Changing Expired Toner Cartridges
Laser printer owners generally don’t have to worry much about maintenance and upkeep because the reliability and durability of these machines gets better with each year of production. For the most part, users will only need to be able to swap out expired toner cartridges. It may seem like a simple task to some, but for people who have never done it, it can be intimidating. This is a simple tutorial for inexperienced users trying to get through the process and who need a little guidance.
The first step is to locate the access panel where the cartridges are located. For most laser printers, this panel will be on the front or the side of the machine, but the access panel may also be located on the top for smaller printers. When you open the panel, you should see the cartridge or cartridges. If it is a monochrome laser printer, there will generally be only one cartridge, while a color laser printer will usually include four cartridges.
A lot of toner cartridges are being made with handles these days, making them easier to pull out of the printer when empty. Once you remove a seemingly empty cartridge, though, be sure to put something under it like a sheet of newspaper, as spilling is always a small possibility, and you don’t want toner powder on your desk or table.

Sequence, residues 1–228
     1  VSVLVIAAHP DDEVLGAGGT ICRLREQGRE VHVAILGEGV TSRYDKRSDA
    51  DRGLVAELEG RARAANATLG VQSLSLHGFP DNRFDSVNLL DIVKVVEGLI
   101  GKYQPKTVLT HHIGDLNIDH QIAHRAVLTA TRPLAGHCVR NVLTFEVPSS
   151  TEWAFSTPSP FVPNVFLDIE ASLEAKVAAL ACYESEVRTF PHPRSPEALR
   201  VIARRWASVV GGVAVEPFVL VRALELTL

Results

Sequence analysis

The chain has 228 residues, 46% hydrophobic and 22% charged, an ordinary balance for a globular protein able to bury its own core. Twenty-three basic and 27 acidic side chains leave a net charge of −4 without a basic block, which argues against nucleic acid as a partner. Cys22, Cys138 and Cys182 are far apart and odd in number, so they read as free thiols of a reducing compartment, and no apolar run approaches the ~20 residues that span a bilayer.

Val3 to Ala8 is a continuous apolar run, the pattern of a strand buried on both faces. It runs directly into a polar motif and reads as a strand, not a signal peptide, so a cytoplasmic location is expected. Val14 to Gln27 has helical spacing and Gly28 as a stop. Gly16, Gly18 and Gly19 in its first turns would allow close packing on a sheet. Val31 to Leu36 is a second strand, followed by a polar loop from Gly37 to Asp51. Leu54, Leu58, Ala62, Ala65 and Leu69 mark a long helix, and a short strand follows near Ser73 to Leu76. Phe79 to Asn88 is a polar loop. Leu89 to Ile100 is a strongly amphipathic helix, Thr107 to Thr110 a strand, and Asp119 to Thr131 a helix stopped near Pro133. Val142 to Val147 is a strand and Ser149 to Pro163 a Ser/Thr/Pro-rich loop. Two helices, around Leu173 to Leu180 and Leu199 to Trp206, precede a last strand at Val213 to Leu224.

The new cartridge will usually come in a sealed bag inside a box. Remove the bag from the box, and carefully open the bag, unless you see that toner has already leaked excessively inside the bag. If this is the case, the product is defective and you should return it to the vendor.
Remove the new cartridge from the bag and gently shake it from side to side so the toner is evenly distributed. There will likely be a shipping seal or tape that needs to be removed before installation. Just pull the tab and it should easily come out. Hold the handle and slide the cartridge into the allotted slot, and be sure it locks into place. If you are replacing color cartridges, make sure you are inserting the correct color into the correct slot. Close the access panel and print a test page.
If the cartridge is not being recognized, it is possible that the printer memory is stuck and will only recognize the previous cartridge. In this case, remove the new cartridge, turn off the printer and unplug it for about 10 minutes. Plug it back in, turn it on and install the cartridge again. This process is called a ‘cold start’ and should reset the memory.
While these are only basic instructions, they should be enough to get you started if you have never replaced cartridges before. For the best results, you should consult the manual for your printer or the manufacturer’s website for more specific instructions for your exact model.
Here is a video that demonstrates the cartridge replacement process for many HP models:
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